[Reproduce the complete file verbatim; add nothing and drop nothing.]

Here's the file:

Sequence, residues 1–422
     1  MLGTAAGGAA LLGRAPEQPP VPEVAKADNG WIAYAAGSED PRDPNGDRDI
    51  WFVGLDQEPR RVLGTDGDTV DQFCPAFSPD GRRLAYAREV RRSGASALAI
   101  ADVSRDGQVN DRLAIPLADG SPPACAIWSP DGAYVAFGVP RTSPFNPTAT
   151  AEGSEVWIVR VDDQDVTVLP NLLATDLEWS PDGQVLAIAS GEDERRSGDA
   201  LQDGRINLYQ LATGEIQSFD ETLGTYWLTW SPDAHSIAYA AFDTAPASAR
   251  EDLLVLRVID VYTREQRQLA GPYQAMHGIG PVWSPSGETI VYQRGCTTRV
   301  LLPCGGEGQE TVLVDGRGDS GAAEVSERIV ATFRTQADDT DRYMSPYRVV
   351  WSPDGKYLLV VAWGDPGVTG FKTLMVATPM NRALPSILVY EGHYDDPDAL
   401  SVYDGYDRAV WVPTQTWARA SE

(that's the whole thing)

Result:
Sequence, residues 1–422
     1  MLGTAAGGAA LLGRAPEQPP VPEVAKADNG WIAYAAGSED PRDPNGDRDI
    51  WFVGLDQEPR RVLGTDGDTV DQFCPAFSPD GRRLAYAREV RRSGASALAI
   101  ADVSRDGQVN DRLAIPLADG SPPACAIWSP DGAYVAFGVP RTSPFNPTAT
   151  AEGSEVWIVR VDDQDVTVLP NLLATDLEWS PDGQVLAIAS GEDERRSGDA
   201  LQDGRINLYQ LATGEIQSFD ETLGTYWLTW SPDAHSIAYA AFDTAPASAR
   251  EDLLVLRVID VYTREQRQLA GPYQAMHGIG PVWSPSGETI VYQRGCTTRV
   301  LLPCGGEGQE TVLVDGRGDS GAAEVSERIV ATFRTQADDT DRYMSPYRVV
   351  WSPDGKYLLV VAWGDPGVTG FKTLMVATPM NRALPSILVY EGHYDDPDAL
   401  SVYDGYDRAV WVPTQTWARA SE